My wife is a brilliant, beautiful, smart, talented and amazing woman. It doesn't take long to realize those things when you get to know her. But she wasn't letting anyone to get to know her because of her voice. It was painful to talk and communicate with people so she just took the position of wallflower, which at times, has made her even smarter and more brilliant. She has been the humble observer, studying how people work, how they act and re-act. It's that observing humility that has caused her to take great strides in personal growth. She knows how people work and how they like to be treated. She's watched as a third party and now when she treats people that way, they are so touched. I know I am when she wows me with her amazing, incredible love. It's also allowed her to notice all the things I do that I should be more aware of...
"T.J... Do you realize that you talk with your hands in front of your face a lot? I can't see what you're saying."
T.J.... Do you know how often you scratch your butt in public?"
"T.J.... Do you know that you look exactly like Channing Tatum and Brad Pitt?"
Okay, so I made that last one up. She didn't actually say it with her words. She said it with her eyes.
She took her observer position with grace and humility, which has impressed me so much. I am always amazed how talented Brooke is and how little she draws attention to it. She could do anything she wanted in this world. She could have any creative job, she could live in any creative city, she could be anything, and yet she chose to marry a goofy guy like me and then she chose to love me every single day, even through the hand talking and butt scratching. It's overwhelming and like with most blog posts I write about Brooke, now I am crying.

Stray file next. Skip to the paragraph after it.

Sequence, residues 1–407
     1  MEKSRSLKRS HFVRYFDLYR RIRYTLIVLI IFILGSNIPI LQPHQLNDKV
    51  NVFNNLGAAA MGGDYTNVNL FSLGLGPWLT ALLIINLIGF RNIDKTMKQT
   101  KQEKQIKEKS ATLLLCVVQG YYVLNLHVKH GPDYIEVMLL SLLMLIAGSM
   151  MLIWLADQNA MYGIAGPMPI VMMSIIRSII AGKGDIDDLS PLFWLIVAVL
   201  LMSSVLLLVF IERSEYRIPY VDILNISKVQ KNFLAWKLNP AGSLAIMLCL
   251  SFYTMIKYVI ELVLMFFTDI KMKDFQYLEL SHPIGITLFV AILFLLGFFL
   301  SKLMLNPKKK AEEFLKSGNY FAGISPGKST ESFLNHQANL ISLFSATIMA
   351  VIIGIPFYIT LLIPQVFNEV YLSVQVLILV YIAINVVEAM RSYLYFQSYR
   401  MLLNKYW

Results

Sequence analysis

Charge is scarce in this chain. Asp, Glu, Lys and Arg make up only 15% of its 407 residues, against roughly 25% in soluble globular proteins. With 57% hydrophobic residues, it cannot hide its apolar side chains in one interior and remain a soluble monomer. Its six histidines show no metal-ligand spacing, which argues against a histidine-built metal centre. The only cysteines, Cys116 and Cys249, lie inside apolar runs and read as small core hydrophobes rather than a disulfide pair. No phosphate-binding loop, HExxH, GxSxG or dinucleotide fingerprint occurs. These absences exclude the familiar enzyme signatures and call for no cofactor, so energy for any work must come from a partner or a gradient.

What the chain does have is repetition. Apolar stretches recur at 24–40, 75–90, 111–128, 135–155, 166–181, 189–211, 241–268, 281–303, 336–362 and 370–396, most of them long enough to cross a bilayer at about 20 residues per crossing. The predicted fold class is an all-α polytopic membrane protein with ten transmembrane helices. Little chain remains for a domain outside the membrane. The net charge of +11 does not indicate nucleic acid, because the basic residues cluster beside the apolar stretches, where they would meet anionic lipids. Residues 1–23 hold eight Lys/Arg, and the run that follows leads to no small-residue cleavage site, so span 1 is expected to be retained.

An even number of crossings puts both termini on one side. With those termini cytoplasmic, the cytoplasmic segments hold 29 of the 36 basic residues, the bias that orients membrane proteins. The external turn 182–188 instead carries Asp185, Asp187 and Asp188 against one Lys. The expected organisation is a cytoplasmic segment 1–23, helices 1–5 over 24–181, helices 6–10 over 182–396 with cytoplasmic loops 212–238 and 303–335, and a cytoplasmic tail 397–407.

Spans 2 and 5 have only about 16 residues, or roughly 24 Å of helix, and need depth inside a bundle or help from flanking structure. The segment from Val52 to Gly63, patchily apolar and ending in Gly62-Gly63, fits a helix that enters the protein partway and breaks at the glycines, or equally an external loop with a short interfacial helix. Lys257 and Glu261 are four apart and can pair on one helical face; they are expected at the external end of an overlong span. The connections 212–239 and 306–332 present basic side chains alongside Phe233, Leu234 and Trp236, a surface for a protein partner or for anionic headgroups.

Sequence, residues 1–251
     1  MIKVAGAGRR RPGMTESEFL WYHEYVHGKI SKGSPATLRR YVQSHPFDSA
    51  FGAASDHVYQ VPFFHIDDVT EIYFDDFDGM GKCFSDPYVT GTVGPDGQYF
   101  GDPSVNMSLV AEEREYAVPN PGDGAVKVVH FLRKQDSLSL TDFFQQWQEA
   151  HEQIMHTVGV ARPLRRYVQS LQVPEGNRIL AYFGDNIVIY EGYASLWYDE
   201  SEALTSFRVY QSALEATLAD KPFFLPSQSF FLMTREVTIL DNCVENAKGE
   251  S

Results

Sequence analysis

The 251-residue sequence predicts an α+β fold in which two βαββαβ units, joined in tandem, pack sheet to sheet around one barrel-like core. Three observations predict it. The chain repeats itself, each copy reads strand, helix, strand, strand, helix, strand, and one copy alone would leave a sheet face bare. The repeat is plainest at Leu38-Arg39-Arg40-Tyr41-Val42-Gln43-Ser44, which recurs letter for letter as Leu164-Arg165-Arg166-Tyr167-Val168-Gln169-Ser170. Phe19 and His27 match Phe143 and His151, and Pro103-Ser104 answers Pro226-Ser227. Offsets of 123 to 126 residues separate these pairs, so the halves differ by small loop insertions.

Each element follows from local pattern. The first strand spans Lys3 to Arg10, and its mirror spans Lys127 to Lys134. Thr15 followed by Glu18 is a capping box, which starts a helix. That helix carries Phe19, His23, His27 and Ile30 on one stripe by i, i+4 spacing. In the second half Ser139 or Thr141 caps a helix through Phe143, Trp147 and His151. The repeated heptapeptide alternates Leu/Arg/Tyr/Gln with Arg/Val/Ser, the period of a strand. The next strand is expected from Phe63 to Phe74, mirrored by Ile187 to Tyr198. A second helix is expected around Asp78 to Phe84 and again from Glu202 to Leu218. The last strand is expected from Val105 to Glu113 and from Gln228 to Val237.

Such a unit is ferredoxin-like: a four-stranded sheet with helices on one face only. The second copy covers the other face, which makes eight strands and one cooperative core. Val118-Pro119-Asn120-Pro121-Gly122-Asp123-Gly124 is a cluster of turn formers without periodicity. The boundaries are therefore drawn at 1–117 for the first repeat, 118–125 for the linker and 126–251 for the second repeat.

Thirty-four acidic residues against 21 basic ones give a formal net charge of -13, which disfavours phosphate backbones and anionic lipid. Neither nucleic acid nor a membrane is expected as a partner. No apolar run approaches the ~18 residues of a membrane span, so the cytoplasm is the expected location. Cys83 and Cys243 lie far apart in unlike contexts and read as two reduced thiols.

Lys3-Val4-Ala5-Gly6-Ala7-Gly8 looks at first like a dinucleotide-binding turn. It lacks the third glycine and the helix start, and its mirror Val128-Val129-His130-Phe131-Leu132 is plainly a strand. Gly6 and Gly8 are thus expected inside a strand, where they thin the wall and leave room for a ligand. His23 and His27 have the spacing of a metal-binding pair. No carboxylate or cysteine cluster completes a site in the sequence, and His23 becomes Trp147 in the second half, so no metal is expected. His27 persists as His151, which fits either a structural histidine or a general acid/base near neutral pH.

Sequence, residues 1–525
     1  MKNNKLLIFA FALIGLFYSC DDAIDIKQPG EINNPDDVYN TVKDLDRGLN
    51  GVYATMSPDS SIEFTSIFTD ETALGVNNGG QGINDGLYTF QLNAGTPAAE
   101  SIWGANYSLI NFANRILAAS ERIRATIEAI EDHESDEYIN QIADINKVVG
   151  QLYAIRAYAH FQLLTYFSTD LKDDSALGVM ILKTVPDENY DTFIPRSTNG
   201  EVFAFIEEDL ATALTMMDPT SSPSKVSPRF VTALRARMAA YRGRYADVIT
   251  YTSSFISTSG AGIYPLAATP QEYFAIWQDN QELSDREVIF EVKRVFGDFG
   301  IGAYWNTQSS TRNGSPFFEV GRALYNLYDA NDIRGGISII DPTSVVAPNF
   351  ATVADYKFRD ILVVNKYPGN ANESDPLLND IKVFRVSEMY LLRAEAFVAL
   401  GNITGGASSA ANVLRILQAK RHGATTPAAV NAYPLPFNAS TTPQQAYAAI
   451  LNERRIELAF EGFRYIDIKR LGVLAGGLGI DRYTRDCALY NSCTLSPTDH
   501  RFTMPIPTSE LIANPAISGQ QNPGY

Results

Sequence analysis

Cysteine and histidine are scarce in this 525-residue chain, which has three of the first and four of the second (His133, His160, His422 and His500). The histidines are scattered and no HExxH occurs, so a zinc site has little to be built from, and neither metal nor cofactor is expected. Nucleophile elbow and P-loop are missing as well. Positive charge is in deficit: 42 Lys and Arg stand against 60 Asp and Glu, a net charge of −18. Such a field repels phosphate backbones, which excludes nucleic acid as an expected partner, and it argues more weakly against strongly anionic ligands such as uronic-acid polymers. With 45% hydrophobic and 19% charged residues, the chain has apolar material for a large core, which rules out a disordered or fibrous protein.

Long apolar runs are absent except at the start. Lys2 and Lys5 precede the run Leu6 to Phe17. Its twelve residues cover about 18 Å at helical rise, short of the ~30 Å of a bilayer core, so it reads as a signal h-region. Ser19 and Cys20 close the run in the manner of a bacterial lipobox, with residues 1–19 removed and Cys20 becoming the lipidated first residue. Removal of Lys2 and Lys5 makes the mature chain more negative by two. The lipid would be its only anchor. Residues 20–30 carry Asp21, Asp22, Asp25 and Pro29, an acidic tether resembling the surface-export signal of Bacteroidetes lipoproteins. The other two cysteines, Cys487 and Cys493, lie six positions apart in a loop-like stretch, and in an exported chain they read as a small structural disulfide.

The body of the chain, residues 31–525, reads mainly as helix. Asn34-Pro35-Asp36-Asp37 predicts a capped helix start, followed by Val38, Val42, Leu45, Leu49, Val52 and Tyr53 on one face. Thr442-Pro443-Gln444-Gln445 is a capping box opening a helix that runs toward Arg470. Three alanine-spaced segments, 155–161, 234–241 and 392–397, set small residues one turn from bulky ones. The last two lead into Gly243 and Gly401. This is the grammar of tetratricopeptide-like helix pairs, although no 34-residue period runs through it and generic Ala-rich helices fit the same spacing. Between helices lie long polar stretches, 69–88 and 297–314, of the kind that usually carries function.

Every night since her voice started to get worse and worse, I laid next to my wife in bed and pleaded with God to just make her voice strong. Just let Brooke sing. Let her be able to make those hysterical one-liners that only I hear. Let her share her brilliant opinion. Let her solve problems in a way that no one else seems to notice. I would plead with God to swap the strength of our voices. Lord knows I could use a couple of years of not being able to talk and living humbly in the corner. But every morning I would wake up to my beautiful, semi-snoring wife and she would sound the same.
Then one day, as I was sitting on the couch working on my laptop, Brooke came down the stairs and asked if I would make a phone call for her. That was not unusual at all because I make almost every phone call for her. She said I need you to call this number and make an appointment. I could tell that she was pretty emotional about it because it was a step that she was scared to take.
What if knowing is worse than not knowing?
So, I called the Ear/Nose/Throat doctor. We made an appointment. We went in for her appointment a few weeks later. He asked questions. Brooke answered. I sat anxiously and tried to crack a few jokes so I would feel better. He looked in her nose. I sat and waited. He looked in her mouth. I sat and waited. He took out this crazy looking device and looked down her throat. I gagged a little, but also sat and waited. He took the camera out and said, quite casually, "Oh, there's your problem."
Calmly we both replied, "What?" Meanwhile in my head I am thinking "THERE WHAT IS??!?! TELL US AND TELL US NOW!!"